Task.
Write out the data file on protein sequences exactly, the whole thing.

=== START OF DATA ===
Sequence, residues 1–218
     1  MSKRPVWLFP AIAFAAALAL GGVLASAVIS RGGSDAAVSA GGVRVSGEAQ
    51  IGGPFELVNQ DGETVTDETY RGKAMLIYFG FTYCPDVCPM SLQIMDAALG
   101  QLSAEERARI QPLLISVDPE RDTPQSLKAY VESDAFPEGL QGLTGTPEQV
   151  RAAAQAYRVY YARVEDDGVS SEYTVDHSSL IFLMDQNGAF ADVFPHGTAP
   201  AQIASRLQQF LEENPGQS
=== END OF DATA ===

Sequence, residues 1–218
     1  MSKRPVWLFP AIAFAAALAL GGVLASAVIS RGGSDAAVSA GGVRVSGEAQ
    51  IGGPFELVNQ DGETVTDETY RGKAMLIYFG FTYCPDVCPM SLQIMDAALG
   101  QLSAEERARI QPLLISVDPE RDTPQSLKAY VESDAFPEGL QGLTGTPEQV
   151  RAAAQAYRVY YARVEDDGVS SEYTVDHSSL IFLMDQNGAF ADVFPHGTAP
   201  AQIASRLQQF LEENPGQS